• There are lots of company formation agents to choose from or you can use a solicitor to register your business. These options cost more but they are often quicker and a specialist will be able to guide you through the information needed for registering the limited company.
  • You can search for company formation agents using the Companies House Company Formation Agents directory which lists the web address and phone numbers of recognised formation agents.
  • Use Google to search for the agent online, including reviews from previous customers, before picking the one you’ll use.
  • The company formation agent will handle all the paperwork and submit the documents to Companies House and it can take as little as three hours.
  • The agent will be able to offer other services including the use of a registered office, scanning services for mail received and online portals for managing the administration of your business details.

What documents are needed to form a limited company?

Whether you decide to register the limited company yourself or use a company formation agent, registration documents for your limited company will need to be submitted to Companies House before you can start trading.

  • A Memorandum of Association is a legal statement signed by all parties forming the company including the names and addresses of directors and shareholders.
  • The Articles of Association is a legal document that states shareholders rights and the powers of company directors over the business.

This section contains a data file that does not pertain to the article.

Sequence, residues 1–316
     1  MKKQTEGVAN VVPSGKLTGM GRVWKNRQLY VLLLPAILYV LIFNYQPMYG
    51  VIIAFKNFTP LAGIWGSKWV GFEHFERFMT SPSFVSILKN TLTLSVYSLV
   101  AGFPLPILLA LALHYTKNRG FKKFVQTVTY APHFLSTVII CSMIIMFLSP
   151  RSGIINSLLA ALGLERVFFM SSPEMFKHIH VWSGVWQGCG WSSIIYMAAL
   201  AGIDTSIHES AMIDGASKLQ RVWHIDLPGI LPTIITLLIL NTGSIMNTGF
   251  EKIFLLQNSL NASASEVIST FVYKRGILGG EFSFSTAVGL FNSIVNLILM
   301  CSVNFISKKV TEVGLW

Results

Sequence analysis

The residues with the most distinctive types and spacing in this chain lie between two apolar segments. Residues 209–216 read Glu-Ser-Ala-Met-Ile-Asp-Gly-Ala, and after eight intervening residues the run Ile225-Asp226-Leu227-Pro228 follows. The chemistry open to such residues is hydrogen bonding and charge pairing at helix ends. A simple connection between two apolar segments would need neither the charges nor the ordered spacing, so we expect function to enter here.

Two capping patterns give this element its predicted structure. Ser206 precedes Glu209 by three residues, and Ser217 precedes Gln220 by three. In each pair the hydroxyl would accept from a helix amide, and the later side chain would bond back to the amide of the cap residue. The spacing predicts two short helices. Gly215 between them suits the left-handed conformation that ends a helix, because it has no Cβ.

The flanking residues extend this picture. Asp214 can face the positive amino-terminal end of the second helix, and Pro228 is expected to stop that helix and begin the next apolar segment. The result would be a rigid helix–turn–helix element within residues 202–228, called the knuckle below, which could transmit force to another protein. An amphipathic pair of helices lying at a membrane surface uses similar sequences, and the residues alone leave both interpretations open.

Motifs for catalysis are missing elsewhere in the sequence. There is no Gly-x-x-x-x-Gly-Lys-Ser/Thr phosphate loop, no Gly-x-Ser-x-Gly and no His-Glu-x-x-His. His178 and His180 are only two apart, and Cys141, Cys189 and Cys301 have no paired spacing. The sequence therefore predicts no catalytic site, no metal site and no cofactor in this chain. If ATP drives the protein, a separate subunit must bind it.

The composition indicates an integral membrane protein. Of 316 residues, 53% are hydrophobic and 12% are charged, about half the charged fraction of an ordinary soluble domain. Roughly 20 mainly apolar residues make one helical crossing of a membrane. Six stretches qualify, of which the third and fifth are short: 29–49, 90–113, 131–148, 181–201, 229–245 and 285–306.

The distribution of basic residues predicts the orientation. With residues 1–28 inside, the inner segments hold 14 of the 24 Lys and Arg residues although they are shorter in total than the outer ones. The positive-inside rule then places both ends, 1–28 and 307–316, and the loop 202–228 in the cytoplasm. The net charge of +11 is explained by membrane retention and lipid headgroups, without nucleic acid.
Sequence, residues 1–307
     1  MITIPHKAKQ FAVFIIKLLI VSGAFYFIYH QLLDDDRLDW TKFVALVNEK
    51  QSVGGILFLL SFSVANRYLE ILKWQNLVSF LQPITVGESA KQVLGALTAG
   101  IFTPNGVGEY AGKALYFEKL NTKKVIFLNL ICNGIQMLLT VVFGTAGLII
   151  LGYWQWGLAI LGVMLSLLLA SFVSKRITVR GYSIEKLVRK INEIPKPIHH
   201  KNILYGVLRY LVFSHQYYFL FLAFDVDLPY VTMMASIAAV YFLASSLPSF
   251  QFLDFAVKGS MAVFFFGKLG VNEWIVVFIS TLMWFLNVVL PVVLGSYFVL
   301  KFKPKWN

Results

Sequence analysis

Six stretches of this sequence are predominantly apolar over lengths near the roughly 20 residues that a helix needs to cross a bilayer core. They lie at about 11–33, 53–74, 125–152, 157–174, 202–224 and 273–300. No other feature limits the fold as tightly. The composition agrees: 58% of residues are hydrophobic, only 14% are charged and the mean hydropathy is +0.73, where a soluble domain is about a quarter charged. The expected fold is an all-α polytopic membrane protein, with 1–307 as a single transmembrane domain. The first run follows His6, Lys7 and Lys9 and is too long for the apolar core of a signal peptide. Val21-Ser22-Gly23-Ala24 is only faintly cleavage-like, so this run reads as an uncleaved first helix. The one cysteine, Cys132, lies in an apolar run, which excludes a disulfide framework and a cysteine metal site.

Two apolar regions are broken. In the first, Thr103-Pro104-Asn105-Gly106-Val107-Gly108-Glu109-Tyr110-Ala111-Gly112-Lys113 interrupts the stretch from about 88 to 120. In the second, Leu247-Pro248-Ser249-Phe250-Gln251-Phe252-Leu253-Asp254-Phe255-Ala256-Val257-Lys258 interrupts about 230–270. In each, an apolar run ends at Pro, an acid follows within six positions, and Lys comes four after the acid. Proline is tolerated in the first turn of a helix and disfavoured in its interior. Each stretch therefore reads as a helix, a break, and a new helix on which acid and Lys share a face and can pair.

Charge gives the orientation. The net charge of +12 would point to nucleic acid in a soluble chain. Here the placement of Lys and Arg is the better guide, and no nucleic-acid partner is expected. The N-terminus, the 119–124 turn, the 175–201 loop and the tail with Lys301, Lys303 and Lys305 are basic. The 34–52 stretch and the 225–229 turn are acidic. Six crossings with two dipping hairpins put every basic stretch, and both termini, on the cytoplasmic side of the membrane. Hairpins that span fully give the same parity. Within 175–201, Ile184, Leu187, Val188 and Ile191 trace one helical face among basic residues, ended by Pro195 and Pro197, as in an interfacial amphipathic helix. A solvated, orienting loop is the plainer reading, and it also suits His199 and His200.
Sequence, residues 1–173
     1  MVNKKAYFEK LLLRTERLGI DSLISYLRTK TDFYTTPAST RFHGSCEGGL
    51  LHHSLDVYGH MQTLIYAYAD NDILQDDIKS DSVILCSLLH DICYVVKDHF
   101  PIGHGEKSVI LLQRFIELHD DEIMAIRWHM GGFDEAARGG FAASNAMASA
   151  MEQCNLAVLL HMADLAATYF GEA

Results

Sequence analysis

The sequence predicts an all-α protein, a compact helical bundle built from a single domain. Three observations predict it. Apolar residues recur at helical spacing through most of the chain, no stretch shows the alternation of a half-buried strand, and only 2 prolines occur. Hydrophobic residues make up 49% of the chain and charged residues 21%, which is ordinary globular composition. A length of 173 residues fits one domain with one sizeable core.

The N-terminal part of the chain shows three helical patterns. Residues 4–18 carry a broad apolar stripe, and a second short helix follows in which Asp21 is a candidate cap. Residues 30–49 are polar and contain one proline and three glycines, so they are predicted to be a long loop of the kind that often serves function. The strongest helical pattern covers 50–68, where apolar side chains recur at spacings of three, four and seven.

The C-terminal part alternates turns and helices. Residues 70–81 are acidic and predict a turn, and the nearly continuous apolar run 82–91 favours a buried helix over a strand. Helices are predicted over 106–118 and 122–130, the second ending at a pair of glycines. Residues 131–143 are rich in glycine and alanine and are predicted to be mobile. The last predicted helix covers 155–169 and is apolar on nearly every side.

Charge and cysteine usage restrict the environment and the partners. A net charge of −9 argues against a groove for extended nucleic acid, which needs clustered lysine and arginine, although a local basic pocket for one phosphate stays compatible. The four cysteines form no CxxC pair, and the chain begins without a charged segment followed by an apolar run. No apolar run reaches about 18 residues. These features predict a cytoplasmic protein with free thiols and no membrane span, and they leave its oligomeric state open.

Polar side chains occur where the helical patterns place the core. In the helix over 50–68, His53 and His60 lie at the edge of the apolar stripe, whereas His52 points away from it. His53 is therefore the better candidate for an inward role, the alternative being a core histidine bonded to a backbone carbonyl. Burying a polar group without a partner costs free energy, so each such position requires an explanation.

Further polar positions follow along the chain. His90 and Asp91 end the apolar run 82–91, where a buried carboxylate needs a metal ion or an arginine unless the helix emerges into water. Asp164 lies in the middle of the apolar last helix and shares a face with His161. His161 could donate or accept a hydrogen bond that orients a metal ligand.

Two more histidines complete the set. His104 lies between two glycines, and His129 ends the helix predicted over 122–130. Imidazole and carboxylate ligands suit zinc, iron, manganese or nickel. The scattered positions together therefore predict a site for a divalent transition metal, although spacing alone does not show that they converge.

• Form IN01 is a document listing the details of the company directors, company secretary if applicable, shareholders and details of the shares issued and the share capital. Download IN01 from Companies House.

How to choose a registered office address

During the registration process you’ll need to include the registered office address and directors’ service address. Official documents or legal notices are sent to these addresses and they are made public on the Companies House register.

A registered office address must be based in the UK and can be a residential address, although it does not need to be the trading address of the company. Many limited companies use a registered office address service that costs around £50 per year.

What should I do after registering a limited company?

Once your company is registered you’ll be sent a Certificate of Incorporation confirming the company’s existence and showing the company number and date of formation. You must now register your limited company with HM Revenue & Customs (HMRC) within three months of starting trading or risk a penalty.